The total was supposed to be $594.98. Fabulous deal.
All seemed well until he received the shipping notification. His total order for the DVR and a TiVo service subscription for the life of the device came to $594.98. A few days later, the order shipped, and he received a notification that his card had been charged for $794.98. Wait, what? That was $200 more than he thought he had spent.
Naturally, he called up TiVo to find out what was going on. Their explanation was that they had some problems in the past with customers stacking coupon codes on top of each other, and reserved the right to change orders after the fact if they used ill-gotten coupons. This is spelled out in the company’s terms:
We reserve the right (without liability) to (1) accept or decline your order for any reason (including if we suspect you are ordering products for resale), (2) supply less than the quantity you ordered of any item, (3) change prices for products displayed on tivo.com at any time, (4) correct inadvertent pricing or product/service information errors, and (5) charge your credit card on file a 15% restocking fee for orders that are refused at the shipping address designated for your account at the time of purchase.
Well, fine. We would accept this explanation from TiVo if Victor had been gathering coupon codes he wasn’t entitled to and trying them together to find out what happened. It would make sense if the $50 offer they e-mailed him had been incompatible with the current sale on the Roamio. The trouble is, that isn’t what he was doing.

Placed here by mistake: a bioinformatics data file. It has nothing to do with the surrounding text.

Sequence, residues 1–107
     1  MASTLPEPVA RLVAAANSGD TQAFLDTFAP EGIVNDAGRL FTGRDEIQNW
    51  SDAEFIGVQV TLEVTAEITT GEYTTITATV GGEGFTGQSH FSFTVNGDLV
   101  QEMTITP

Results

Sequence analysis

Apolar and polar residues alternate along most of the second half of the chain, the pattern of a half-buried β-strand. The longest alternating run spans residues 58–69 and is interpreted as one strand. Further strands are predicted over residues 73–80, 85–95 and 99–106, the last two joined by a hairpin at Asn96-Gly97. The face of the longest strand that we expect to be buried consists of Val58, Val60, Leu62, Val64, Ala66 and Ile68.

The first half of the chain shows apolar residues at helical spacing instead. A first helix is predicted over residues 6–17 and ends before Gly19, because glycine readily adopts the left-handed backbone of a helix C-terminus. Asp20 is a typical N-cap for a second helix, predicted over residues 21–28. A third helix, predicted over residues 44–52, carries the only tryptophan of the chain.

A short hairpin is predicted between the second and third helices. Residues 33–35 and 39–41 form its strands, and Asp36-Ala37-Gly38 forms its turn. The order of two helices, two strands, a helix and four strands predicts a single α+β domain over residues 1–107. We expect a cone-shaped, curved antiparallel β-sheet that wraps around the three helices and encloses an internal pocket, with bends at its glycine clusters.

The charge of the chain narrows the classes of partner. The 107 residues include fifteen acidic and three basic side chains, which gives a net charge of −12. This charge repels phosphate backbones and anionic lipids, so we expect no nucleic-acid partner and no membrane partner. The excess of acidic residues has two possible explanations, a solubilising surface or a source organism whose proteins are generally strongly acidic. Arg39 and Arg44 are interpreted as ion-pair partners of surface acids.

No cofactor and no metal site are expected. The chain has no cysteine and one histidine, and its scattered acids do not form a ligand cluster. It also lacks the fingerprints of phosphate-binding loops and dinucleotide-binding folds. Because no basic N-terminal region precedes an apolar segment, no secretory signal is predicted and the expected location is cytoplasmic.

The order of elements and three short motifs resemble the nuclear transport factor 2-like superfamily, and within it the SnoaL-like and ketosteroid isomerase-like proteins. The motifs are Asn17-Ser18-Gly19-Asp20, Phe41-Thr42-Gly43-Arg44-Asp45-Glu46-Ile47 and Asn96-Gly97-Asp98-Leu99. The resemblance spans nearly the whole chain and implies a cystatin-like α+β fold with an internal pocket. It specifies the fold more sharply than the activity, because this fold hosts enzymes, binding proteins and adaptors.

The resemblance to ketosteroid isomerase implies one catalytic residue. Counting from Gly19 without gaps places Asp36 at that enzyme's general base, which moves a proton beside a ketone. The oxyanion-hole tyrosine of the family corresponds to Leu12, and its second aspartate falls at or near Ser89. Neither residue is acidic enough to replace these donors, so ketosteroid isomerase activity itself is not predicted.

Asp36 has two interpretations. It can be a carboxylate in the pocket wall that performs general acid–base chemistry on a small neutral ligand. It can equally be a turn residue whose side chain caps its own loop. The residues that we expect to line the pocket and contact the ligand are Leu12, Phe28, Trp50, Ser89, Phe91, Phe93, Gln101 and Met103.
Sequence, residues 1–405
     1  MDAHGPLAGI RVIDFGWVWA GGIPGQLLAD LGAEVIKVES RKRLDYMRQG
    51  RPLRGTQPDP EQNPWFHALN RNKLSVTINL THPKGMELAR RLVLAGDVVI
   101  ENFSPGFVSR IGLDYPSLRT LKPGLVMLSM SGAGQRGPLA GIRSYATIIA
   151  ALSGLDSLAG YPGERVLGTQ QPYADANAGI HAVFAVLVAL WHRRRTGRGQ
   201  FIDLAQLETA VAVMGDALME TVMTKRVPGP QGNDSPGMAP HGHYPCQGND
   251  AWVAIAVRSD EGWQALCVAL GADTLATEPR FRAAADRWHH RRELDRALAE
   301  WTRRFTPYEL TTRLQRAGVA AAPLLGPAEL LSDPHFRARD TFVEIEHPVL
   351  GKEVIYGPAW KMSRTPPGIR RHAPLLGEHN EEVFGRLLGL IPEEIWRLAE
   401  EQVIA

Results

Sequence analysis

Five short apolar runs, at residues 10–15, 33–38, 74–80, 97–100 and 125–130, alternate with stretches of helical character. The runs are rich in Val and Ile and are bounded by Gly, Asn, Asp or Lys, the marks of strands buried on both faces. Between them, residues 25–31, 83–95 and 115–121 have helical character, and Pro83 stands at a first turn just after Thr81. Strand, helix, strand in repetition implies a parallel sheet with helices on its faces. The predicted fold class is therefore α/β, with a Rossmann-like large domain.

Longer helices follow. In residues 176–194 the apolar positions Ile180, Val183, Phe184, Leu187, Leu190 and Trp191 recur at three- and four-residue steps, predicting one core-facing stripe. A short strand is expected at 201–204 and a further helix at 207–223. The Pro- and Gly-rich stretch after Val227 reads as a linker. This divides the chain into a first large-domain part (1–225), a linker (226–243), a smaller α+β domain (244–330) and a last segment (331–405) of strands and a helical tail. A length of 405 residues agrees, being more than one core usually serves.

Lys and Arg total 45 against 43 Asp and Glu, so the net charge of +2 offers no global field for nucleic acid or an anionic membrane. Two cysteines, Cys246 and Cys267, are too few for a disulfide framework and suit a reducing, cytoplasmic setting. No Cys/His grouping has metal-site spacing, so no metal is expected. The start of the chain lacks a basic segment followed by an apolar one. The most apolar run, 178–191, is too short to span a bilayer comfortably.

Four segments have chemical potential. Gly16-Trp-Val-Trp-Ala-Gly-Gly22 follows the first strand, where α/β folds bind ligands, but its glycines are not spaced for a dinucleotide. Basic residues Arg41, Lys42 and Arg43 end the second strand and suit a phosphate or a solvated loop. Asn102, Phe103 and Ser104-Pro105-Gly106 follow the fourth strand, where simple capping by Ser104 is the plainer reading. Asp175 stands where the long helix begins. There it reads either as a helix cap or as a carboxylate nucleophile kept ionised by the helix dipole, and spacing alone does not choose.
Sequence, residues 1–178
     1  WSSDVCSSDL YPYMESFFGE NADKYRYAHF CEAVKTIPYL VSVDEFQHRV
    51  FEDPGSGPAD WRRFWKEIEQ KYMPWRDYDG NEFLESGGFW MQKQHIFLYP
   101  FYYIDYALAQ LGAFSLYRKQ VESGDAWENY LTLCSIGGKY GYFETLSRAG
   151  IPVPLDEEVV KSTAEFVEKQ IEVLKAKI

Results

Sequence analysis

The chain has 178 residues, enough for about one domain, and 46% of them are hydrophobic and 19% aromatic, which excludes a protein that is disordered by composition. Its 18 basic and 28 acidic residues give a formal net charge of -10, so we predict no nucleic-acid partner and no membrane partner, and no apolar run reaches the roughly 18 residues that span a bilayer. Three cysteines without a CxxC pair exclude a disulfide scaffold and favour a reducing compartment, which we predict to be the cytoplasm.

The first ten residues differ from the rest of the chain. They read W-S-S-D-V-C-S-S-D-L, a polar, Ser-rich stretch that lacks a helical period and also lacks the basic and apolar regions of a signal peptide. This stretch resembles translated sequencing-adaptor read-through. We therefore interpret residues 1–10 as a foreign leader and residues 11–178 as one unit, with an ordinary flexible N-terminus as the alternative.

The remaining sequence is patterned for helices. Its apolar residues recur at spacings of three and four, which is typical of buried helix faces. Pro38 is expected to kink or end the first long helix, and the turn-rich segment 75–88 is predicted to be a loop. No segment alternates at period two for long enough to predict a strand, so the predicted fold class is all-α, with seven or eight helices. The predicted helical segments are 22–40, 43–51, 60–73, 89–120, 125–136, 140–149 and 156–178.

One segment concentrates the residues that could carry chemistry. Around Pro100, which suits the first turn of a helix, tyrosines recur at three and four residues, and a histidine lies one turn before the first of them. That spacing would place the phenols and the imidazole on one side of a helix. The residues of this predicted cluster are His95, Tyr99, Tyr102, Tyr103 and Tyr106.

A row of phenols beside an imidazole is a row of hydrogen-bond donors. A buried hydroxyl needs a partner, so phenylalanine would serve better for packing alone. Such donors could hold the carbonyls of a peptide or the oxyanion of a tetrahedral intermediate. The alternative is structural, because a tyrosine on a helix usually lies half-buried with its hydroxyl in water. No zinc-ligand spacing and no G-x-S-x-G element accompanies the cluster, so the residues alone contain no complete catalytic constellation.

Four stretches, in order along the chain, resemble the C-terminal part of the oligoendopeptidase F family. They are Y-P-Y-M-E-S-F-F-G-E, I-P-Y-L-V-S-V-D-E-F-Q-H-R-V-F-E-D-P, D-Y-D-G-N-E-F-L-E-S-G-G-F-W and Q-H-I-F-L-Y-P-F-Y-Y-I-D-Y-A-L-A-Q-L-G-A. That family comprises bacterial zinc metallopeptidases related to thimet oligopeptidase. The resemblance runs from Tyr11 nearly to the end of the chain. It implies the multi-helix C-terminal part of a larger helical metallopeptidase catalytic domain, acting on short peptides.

“This wasn’t some code I scrounged the internet for that accidentally worked,” he wrote to Consumerist. “This was a targeted promotion for TiVo’s own special that was already in my cart that TiVo shouldn’t have sent me if they didn’t want to give it to me.” Right. If you don’t want people to use coupons, don’t send them those coupons. Simple.
If he didn’t want this to happen, he should have read all of the company’s terms and conditions before going through with the purchase. Everyone probably should do that, but admit it: hardly anyone ever does.
Victor contacted us, and we turned around and asked TiVo what was up with this deal. They told us that they can’t discuss specific customers’ accounts, but the company’s executive customer service team did follow up with Victor. He told us that TiVo’s offer was that “they would honor the promotion since they sent it to me directly with no message or indication that it couldn’t be combined,” he explained. Yay!
Still, Victor wonders what would have happened to a more meek consumer. “I’m afraid that others not tenacious enough just ended up eating the $50 thinking there was nothing else to be done once customer service denied them,” he observed.
It’s fair to limit promotions, but not to e-mail customers with false hope.